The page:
Or so it would seem to me.

  7. I was raised in the Florida Panhandle and can remember being without power for 2 weeks after Hurricane Eloise. No biggie, fished and crabbed the bayou when we ate everything from the freezer. I now live in rural Western New York. Sure I pay higher taxes than Florida, but I’m generally left alone, able to telecommute when necessary and can depend on my few neighbors. After seeing the events in Houston I think I’d rather face a blizzard than a hurricane; you can’t shovel water and I’ve always got firewood.

  8. Arizona? My neighbor took a big job in Phoenix. He hates it.
    He is a guy our vintage originally from Southern California. He can’t stand being trapped in his condo because of the heat. Never living in cold climes like up north being stuck indoors is a new adventure.and he hates it. Are you prepared to be a virtual prisioner like Ron?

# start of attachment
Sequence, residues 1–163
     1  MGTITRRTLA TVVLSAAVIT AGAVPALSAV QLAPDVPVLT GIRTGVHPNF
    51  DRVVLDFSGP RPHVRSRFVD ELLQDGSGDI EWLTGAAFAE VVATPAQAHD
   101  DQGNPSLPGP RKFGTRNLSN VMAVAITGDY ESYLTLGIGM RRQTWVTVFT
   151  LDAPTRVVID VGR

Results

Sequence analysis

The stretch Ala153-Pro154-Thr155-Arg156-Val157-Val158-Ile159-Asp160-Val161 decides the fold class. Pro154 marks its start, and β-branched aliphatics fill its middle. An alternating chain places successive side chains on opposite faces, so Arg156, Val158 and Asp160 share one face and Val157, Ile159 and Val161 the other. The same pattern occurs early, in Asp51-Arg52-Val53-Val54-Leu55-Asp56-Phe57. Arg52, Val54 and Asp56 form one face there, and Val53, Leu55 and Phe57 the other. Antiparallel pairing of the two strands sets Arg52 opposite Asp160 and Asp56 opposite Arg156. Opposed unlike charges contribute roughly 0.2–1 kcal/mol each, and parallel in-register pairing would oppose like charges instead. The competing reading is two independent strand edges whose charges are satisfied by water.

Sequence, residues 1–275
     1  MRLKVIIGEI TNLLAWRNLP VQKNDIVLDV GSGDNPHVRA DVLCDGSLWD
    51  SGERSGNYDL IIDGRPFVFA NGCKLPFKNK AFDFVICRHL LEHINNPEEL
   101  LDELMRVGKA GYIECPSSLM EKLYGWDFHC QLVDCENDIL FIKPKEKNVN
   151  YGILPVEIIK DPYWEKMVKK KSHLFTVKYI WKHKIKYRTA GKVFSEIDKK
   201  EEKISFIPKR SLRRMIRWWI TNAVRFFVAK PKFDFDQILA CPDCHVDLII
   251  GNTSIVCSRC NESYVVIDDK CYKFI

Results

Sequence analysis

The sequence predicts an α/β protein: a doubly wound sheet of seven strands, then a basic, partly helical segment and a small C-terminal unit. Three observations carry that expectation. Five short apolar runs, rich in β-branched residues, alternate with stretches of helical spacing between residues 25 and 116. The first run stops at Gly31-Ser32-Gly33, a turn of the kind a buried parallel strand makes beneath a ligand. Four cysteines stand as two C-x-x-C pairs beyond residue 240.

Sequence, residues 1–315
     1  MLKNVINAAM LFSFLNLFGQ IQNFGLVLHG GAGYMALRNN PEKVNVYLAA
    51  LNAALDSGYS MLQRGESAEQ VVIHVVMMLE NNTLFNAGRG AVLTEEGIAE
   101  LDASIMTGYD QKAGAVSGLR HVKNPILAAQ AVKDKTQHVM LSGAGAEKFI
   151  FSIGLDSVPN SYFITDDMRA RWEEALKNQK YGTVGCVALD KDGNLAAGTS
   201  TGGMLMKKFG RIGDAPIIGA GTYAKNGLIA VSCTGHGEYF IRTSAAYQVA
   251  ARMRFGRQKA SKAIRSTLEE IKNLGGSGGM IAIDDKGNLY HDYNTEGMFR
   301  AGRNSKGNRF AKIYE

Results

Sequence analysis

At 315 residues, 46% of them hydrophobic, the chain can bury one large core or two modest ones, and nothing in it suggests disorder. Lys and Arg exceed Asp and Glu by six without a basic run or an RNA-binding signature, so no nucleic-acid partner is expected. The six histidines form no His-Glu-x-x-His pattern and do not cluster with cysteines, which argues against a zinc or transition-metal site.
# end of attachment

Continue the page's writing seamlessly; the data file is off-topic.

• The climate in Arizona is very diverse. The weather and vegetation in Payson is very different from that in the Phoenix area. Arizona has more climate zones than any other state.

      I’ve lived in Scottsdale for 30 years and never felt trapped in my house due to the heat. Yes, the heat can be brutal during the summer but you learn to do things differently. You don’t play tennis outdoors at noon in the middle of the summer. Life here is very different than the north shore of Long Island where I grew up. Would I go back there? No way.